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Topaz Labs Detail and Clarity are two very good plugins, and they can be applied to a copy of the file by right-clicking on the image file in Lightroom. You need to install the free Topaz Labs FusionExpress plugin for that plugin interaction between Lightroom and most of the Topaz Labs plugins that you may have installed, without needing Photoshop.

Detail allows great control over three different levels of detail size, and detail contrast (it can 'boost' low contrast detail separately from regular contrast). It also has a pretty good deconvolution Deblur function, and edge aware masking ability, so you can apply the adjustments locally.

Clarity is like Lightroom's Clarity but on steroids. Very powerful, much more control on several levels instead of only one, and no halos.

Bart,

I value your opinion and have seen numerous references by you to the Topaz plugins. I do have InFocus (which I understand is mainly useful for capture sharpening) for Photoshop, but have not used it that much because it is difficult to achieve optimal settings of the many parameters and it breaks the parametric editing of ACR by necessitating  an intermediate TIFF.  Do the Lightroom Topaz plugins require a pixel rendered TIFF which has to be stored on disk?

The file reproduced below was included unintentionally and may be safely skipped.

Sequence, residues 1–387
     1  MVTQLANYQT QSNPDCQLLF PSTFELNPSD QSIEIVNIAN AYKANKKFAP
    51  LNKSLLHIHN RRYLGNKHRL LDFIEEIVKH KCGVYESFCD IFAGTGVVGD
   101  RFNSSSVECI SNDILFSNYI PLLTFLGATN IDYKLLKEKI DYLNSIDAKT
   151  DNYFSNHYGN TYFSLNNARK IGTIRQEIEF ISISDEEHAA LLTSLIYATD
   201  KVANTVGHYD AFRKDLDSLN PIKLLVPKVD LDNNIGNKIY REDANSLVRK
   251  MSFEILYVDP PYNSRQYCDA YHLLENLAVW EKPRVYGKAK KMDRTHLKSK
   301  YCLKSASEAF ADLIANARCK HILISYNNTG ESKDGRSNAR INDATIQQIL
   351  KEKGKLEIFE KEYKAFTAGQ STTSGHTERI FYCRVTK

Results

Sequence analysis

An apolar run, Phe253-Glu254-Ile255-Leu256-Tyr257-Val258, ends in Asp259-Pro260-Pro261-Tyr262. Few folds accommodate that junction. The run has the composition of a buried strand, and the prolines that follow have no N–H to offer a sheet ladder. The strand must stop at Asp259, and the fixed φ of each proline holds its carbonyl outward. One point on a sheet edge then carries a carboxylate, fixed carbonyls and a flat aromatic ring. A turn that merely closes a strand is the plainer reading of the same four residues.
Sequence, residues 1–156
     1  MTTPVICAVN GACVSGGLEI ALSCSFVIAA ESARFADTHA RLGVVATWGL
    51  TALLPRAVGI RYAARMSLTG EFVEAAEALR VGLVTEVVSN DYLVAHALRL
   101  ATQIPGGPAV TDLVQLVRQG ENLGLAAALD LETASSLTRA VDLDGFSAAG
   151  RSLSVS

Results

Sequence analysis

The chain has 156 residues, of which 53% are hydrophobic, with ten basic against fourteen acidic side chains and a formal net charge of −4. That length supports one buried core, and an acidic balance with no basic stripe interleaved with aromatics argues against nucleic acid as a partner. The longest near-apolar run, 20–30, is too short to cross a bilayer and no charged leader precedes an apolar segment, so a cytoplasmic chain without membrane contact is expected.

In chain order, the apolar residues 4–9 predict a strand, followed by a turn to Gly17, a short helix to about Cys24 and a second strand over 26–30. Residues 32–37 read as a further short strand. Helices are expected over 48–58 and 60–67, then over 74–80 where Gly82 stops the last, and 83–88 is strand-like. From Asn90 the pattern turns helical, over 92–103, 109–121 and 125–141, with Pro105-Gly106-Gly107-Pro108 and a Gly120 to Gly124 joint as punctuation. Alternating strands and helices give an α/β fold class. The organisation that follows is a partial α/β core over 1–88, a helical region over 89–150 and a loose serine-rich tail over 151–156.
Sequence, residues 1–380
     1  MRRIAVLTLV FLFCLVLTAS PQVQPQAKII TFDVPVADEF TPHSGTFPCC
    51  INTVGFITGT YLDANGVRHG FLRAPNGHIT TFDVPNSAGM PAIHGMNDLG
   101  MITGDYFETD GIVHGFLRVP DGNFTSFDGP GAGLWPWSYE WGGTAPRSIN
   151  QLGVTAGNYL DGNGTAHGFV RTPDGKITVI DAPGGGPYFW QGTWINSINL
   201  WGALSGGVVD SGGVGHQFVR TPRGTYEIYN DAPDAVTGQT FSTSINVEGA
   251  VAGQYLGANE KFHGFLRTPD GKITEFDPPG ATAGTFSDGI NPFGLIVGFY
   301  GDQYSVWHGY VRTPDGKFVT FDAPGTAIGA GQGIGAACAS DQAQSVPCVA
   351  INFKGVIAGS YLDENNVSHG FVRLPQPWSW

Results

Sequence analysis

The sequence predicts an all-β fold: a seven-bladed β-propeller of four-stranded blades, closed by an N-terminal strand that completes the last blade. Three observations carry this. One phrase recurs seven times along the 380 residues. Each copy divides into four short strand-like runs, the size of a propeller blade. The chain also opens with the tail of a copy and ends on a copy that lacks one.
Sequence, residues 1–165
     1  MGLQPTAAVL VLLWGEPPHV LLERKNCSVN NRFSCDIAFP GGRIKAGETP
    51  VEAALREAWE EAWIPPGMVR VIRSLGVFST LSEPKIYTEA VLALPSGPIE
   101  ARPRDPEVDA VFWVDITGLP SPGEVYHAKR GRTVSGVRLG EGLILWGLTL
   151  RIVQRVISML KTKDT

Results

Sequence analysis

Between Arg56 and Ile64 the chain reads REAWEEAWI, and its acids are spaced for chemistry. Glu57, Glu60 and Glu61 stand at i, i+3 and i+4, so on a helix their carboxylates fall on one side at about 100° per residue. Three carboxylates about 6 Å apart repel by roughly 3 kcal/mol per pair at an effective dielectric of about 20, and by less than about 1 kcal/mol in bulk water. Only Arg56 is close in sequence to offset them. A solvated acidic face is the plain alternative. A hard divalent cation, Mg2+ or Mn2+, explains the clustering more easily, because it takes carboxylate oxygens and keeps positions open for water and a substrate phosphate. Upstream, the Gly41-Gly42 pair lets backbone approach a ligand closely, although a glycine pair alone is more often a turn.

Thanks,

Bill
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BartvanderWolf
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« Reply #10 on: September 14, 2013, 09:56:45 AM »
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Bart,

I value your opinion and have seen numerous references by you to the Topaz plugins.

Hi Bill,

Yes, they are really trying to innovate as far as post-processing is concerned (makes one wonder what happens if they were to add a Raw converter module). Topaz Clarity is a really good addition to their suite of task oriented plugins. It can really revive an image from a bit dull to vivid, with much control left for the critical user, but also lots of opportunities to automate a workflow with presets, and really get good results fast.